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Patterns of response and drug involved in patients with multiple drug hypersensitivity syndrome

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Clinical and Translational Allergy20144 (Suppl 3) :P138

  • Published:


  • High Risk
  • Large Population
  • Ibuprofen
  • Amoxicillin
  • Hypersensitivity Reaction


Multiple drug hypersensitivity (MDH) has been defined as a hypersensitivity to two or more chemically unrelated drugs. This has been specially studied in IgE-mediated hypersensitivity reactions to antibiotics and more recently in T-cell-mediated reactions. However, studies focusing in MDH in large populations are lacking. The aim of our study was to describe a well-characterized group of patients diagnosed of MDH.


We analyzed retrospectively all patients with a confirmed diagnosis of drug hypersensitivity evaluated in our allergy department between January 2005 and December 2010.


A MDH was diagnosed in 48 (2.41%) of the 1989 patients evaluated, being 32 females, with a mean age of 50±14,43 years. A total of 137 episodes were reported: 80 (58.39%) suggested an IgE-mediated reaction, 37 (27%) a non-immunologic mechanism (cross-reactive to NSAIDs) and 20 (14.55%) a T-cell mediated reaction. The percentage of MHD in patients with IgE-mediated reactions (9.78%) was higher compared to those with T-cell mediated reactions (5.23%) and non-immunologic reactions (1.91%) (p<0,0001). The drugs most frequently involved were dypirone (13.6%), ciprofloxacin (12.1%), amoxicillin-clavulanic acid (11.4%), amoxicillin (10%), ASA (8.6%), ibuprofen (7.1%) and moxifloxacin (5.7%). Sensitivity to 2 chemically unrelated drugs was diagnosed in 44 patients and to 3 drugs in 4. The most frequent clinical entities were anaphylaxis/shock (42.85%) and urticaria (34.92%).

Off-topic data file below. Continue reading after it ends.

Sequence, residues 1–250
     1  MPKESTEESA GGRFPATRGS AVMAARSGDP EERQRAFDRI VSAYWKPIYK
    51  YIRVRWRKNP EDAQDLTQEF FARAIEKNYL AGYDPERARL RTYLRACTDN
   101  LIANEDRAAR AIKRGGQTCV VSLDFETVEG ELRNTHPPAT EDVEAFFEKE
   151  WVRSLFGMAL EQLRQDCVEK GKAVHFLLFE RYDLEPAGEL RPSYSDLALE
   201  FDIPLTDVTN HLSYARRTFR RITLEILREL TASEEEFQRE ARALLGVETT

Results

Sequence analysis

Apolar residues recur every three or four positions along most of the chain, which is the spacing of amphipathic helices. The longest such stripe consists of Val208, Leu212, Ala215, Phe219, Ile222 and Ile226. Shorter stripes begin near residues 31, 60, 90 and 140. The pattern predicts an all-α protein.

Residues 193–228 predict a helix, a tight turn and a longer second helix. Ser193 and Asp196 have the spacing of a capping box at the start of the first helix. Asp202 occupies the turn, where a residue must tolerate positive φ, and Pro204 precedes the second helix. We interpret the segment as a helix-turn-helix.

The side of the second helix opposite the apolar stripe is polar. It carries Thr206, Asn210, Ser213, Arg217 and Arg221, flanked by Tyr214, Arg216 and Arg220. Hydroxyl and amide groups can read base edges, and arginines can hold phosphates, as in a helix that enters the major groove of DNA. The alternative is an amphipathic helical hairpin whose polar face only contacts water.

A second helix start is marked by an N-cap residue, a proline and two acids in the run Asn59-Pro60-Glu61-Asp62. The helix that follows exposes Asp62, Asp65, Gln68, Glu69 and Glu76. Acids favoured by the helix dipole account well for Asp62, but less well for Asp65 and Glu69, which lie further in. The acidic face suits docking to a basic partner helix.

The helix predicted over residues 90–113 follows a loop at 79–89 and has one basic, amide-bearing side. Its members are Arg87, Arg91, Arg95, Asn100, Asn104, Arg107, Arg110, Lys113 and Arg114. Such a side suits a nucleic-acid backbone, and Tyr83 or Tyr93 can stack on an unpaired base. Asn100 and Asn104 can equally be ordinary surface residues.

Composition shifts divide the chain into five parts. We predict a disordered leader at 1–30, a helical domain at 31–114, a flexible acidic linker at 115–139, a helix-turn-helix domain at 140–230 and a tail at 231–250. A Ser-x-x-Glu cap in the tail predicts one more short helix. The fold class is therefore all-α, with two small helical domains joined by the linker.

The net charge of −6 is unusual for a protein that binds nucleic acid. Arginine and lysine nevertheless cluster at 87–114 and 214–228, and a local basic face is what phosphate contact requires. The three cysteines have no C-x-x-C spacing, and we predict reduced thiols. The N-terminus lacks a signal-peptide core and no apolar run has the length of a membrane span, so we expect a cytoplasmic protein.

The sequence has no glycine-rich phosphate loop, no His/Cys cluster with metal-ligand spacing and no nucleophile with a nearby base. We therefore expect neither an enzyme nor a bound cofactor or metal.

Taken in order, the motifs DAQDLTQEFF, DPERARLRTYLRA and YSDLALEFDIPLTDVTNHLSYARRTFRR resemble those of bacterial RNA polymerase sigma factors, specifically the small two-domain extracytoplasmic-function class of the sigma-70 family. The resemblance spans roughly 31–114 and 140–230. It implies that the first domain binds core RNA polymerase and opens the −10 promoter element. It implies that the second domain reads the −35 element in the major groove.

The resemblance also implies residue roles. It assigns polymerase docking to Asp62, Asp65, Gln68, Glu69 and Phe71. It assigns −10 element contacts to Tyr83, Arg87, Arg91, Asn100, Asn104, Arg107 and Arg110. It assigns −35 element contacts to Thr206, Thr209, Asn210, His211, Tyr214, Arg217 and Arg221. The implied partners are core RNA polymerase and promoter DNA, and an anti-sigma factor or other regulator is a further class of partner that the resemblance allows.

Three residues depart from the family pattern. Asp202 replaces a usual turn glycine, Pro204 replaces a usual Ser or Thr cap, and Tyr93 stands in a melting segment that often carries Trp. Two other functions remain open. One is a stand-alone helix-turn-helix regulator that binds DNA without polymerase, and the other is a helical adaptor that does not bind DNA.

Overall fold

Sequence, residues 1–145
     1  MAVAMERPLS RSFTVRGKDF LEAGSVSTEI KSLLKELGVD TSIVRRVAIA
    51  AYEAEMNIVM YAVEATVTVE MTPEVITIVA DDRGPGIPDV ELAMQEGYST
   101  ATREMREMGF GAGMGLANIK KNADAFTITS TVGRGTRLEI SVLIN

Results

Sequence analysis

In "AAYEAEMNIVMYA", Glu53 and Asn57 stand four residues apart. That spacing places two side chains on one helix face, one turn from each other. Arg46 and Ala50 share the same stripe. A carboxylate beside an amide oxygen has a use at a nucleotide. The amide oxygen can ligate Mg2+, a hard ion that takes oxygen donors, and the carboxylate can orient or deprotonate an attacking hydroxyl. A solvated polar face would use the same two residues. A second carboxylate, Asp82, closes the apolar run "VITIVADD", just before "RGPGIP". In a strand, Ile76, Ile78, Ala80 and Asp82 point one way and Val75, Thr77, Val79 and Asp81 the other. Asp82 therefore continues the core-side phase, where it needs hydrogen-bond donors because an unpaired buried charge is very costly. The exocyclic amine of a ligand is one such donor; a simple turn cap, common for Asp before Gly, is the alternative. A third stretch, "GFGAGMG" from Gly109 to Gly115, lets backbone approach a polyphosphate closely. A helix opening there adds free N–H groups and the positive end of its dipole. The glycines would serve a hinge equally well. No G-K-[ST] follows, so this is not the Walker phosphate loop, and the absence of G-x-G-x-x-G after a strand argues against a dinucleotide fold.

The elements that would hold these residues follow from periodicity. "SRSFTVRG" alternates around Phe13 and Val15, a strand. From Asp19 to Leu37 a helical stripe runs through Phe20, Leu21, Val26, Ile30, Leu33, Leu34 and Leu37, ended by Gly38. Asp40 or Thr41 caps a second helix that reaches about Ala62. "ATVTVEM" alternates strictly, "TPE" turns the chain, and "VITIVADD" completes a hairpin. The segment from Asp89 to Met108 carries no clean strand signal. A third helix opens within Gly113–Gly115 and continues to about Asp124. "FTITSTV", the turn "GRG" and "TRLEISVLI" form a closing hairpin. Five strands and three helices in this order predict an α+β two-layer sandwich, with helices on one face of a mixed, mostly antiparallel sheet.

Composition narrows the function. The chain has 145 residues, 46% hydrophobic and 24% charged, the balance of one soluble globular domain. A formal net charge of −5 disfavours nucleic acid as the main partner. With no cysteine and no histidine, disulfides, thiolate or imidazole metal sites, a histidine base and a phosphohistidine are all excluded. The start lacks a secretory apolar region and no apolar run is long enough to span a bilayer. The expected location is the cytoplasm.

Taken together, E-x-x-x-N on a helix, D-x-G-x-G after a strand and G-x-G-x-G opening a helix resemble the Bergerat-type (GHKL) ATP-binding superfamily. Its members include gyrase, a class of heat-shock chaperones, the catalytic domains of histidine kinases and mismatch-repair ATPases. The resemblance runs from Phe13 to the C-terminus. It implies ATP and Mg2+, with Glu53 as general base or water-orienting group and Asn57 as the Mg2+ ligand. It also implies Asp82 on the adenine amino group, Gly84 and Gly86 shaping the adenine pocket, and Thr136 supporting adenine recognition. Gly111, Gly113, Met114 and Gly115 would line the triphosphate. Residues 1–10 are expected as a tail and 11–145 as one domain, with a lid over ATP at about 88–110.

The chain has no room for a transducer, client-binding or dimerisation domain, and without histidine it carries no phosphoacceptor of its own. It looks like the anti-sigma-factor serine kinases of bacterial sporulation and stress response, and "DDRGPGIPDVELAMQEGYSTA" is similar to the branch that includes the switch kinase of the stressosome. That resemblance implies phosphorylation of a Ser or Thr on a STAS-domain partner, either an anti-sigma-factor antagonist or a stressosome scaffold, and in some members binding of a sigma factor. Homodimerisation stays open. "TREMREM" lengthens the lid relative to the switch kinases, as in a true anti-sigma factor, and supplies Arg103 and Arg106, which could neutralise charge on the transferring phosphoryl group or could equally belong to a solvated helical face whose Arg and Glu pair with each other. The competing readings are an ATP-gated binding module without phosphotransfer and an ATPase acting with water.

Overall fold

Patients with IgE-mediated reactions have a higher risk for developing MHD. More studies are needed to confirm this finding.

Authors’ Affiliations

Regional University Hospital of Malaga, Allergy unit, Spain


© Doña et al; licensee BioMed Central Ltd. 2014

This article is published under license to BioMed Central Ltd. This is an Open Access article distributed under the terms of the Creative Commons Attribution License (, which permits unrestricted use, distribution, and reproduction in any medium, provided the original work is properly cited. The Creative Commons Public Domain Dedication waiver ( applies to the data made available in this article, unless otherwise stated.